So let me tell you some of the ways I have seen internal fraud be committed. So, the easiest way is an employee opens up a credit card in a company name that you, the owner, don’t know anything about, and just charges things personally and then uses funds from either client payments or money that was put aside for media to pay down that credit card every month. And after that it flies under the radar screen. And typically the way that that’s caught is when the agency owner gets a credit report or goes to buy a car or something happens, when all of a sudden they are alerted that there’s a credit card in their name that they didn’t know about. But all too often by then, hundreds of thousands of dollars have been run through that card and that employee is nowhere to be found.
Another way that’s pretty common is, there was an AMI agency where the accounting person created a bunch of phony vendors that didn’t really exist. And then was writing checks to those phony vendors which were actually DBAs of a company that he owned and then depositing the money into his own checking account. And that was really a case of the agency owner taking his eye off the ball. That he really trusted this guy and just really wasn’t paying a lot of attention and $400,000 later, let me repeat that for you, $400,000 later, he caught the problem when media vendors started calling and saying they weren’t getting paid. Because that is how the accounting person was funneling the money out. He was shorting vendors and putting in the books that they had been paid even though they had not been paid. And that guy again walked away with $400,000. And because the accounting practices in that agency were a little sloppy, the police really couldn’t do anything because there wasn’t a clear paper trail to be able to prove that this guy had done what he had done.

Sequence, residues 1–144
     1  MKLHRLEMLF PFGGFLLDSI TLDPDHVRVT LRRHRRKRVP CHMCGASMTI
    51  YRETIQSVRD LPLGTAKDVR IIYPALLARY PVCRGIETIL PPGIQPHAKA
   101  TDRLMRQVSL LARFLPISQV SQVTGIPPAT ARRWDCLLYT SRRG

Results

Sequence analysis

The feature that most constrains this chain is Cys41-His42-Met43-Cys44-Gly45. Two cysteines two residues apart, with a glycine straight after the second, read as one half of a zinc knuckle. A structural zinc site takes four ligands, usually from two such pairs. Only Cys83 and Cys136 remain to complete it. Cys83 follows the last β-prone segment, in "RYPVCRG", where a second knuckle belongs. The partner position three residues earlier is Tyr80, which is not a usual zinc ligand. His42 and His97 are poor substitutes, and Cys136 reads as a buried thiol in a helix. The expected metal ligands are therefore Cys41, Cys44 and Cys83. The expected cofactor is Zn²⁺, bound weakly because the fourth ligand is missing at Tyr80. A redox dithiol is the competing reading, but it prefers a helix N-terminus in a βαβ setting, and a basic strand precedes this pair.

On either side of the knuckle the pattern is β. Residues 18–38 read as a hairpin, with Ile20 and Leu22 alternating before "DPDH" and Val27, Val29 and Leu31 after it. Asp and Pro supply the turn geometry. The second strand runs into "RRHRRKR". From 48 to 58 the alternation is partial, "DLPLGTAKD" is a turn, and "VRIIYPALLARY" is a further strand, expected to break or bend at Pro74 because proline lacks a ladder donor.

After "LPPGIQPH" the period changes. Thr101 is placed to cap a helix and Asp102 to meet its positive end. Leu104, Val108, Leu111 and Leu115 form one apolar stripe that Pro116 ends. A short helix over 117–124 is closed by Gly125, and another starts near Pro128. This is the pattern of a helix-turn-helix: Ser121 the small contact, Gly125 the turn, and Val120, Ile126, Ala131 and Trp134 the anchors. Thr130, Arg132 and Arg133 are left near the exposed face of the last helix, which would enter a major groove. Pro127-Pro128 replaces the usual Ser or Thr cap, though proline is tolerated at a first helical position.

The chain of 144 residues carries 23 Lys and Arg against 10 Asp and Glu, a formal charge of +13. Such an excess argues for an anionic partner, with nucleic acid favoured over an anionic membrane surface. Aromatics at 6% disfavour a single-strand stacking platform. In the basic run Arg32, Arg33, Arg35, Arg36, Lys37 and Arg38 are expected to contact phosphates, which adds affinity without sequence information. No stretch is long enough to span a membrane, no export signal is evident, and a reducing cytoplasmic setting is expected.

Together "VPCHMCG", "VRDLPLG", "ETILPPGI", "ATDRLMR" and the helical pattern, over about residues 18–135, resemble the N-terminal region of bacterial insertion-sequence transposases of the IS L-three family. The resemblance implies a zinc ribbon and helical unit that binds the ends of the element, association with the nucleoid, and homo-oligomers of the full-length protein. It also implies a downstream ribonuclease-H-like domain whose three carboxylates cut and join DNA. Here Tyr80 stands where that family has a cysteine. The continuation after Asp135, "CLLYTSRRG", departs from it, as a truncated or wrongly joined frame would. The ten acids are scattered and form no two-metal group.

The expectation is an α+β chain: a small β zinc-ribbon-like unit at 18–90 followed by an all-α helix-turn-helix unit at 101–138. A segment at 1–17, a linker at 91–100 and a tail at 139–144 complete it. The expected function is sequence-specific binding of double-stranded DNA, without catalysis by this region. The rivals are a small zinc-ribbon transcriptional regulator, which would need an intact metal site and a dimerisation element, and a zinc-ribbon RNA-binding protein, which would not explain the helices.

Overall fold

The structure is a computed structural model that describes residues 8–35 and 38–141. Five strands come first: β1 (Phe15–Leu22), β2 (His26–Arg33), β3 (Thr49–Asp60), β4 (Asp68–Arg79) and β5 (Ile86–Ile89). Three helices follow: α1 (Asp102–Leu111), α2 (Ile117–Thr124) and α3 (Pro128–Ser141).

And interestingly, the way that that agency owner got some restitution, and by the way, the way that that accounting person ended up in jail, was not through the police department but actually through the IRS. The agency owner turned the guy into the IRS and they went after it in a much more diligent way than the local police did. But again, that agency owner got pennies on the dollar back, had to make good all of those media bills that hadn’t gotten paid. And several years later, he’s still digging out of that hole, all because he didn’t have best practices in place for his accounting.
And then another story is that an agency owner who had, again, an accounting person that they absolutely trusted and this person, as often happens had access to a lot of the owner’s personal information, like their social security number, because they were tax files and other things in the office. Anyway, what this person did was they opened up a bunch of credit cards in the owner’s name and just charged an ungodly amount of money on those credit cards, and then again was using company funds to pay for those credit cards to pay the minimum payments.